By Carol Wyatt-Evens and Sarah Bostick
Gardening in Florida can be incredibly rewarding and incredibly frustrating at the same time. If you are new to the region, you soon learn that gardening in the sunshine state can quickly become a full-time job. Our subtropical climate is perfect for growing an abundance of different vegetables, fruits, and herbs, but the challenges can sometimes be a bit overwhelming.
We can help!
Agents from UF/IFAS Extension Sarasota County have partnered to offer a weekly, 30-minute workshop on Zoom to help answer your gardening questions. The first 10 minutes offers an educational component relevant to the urban gardener. The remainder of the time is dedicated to question and answer – any question you have! The series runs through the second week in May 2021 with the exception of holidays. You must register for the series on Eventbrite to receive the link to the series. You only need to register once to get access to the entire series:
Every week, the agents will post a question from the webinar that we are sure will be helpful for our community gardeners at large.
Question of the Week:
What are the little black flying insects around my plants? How do I get rid of them?
Frustrating Fungus Gnats
A common insect that infests house, landscape, and garden plants is the dark-winged fungus gnat (Bradysia spp). The fungus gnat is a small, black, delicate-looking fly that people often mistake for a mosquito, shore fly, or drain fly.
The adult fly is much smaller than an adult mosquito. The fully grown adult is only 1/8 inch long, but its long, thin legs and see-thru wings make it a mosquito look-a-like.
The adults stick close to the plant and can be found flying around the plant during the day. They can be found resting on the plant foliage or even on top of the moist soil in the evening. Like many insects, fungus gnats are attracted to light. They can become quite a nuisance as they fly around table lamps or outside lights that are left on during the evening hours.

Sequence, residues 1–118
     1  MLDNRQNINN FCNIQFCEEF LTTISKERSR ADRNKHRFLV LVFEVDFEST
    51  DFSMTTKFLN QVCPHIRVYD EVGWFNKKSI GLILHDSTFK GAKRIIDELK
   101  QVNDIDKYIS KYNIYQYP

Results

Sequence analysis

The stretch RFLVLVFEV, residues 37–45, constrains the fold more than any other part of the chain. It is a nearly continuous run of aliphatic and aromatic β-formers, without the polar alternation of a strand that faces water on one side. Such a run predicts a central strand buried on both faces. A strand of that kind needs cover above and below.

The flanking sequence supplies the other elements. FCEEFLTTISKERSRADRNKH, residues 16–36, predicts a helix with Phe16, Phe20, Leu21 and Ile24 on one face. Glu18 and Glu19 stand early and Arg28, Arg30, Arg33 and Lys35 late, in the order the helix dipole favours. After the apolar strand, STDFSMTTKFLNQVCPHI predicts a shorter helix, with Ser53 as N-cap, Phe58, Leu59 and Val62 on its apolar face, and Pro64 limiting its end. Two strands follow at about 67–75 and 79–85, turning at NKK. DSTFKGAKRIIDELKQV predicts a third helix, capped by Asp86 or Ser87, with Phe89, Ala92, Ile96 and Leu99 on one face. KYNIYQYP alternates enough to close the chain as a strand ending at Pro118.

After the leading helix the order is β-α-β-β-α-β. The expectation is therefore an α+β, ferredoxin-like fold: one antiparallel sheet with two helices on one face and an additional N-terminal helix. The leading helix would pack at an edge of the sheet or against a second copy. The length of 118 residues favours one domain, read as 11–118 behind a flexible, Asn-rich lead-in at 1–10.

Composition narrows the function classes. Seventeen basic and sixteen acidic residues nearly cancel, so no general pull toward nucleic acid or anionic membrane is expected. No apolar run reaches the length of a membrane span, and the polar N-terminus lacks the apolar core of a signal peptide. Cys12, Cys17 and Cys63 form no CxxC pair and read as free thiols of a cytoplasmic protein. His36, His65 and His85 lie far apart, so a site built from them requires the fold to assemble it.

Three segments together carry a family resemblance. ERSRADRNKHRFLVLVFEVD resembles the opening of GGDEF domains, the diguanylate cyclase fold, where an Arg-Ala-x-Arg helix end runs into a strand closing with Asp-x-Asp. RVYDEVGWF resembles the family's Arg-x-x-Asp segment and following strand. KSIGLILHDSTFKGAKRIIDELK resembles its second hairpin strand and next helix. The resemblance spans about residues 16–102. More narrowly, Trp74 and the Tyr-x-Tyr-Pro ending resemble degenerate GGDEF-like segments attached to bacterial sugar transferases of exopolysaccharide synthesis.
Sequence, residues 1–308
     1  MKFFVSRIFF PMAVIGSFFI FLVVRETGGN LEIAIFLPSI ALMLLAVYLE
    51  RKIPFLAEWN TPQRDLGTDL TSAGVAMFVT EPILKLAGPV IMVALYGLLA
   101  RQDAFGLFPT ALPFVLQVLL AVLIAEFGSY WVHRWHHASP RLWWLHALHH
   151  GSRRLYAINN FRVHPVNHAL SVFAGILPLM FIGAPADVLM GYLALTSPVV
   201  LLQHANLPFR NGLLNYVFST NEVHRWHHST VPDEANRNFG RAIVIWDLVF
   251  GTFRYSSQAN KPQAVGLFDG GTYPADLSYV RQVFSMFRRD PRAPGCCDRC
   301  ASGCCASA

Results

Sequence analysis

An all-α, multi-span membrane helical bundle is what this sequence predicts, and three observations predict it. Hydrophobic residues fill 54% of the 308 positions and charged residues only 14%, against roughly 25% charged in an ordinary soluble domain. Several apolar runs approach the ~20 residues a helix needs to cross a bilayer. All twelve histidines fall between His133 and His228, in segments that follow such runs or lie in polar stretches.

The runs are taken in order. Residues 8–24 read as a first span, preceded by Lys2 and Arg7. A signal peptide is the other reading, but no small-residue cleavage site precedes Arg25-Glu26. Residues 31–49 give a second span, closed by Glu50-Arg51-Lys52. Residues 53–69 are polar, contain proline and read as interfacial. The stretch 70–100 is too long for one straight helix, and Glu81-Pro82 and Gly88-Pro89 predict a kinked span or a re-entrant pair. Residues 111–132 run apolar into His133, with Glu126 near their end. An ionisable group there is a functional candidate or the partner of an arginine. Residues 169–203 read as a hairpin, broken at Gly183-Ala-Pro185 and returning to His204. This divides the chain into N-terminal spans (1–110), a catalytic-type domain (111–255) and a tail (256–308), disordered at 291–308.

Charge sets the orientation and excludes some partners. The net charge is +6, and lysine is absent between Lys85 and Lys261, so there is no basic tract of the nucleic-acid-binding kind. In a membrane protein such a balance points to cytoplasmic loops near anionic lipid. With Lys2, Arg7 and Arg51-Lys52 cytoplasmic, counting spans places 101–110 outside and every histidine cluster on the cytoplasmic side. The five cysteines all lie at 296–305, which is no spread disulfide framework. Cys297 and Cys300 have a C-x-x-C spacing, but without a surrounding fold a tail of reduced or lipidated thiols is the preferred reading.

Although a nuisance, the adults do not feed, bite, or damage plants. It is the larval or immature stage of the insect that has the potential to inflict damage to plants if there is a heavy infestation.
Fungus Gnat Life Cycle
Fungus gnats lay their eggs on the surface of the plant soil. The eggs take approximately 3 days to hatch where the larvae then feed on fungi and damp, decaying organic matter in the soil. Since fungus gnats are flies, their larval stage is a maggot that looks like a small, translucent worm with a shiny black head moving around the soil. If the soil is particularly moist, they will leave slime trails along the surface of the soil.
If there is a large number of larvae, they can move to feed on the roots, causing plant damage and possibly even plant death.
It takes an average of 17 days for a fungus gnat to go from egg to reproductive adult. That timeline can be shorter depending on the temperature- the warmer it is, the quicker they develop. Once they reach the adult stage, the fungus gnat has a relatively short life of about 7 days.
Fungus Gnat Control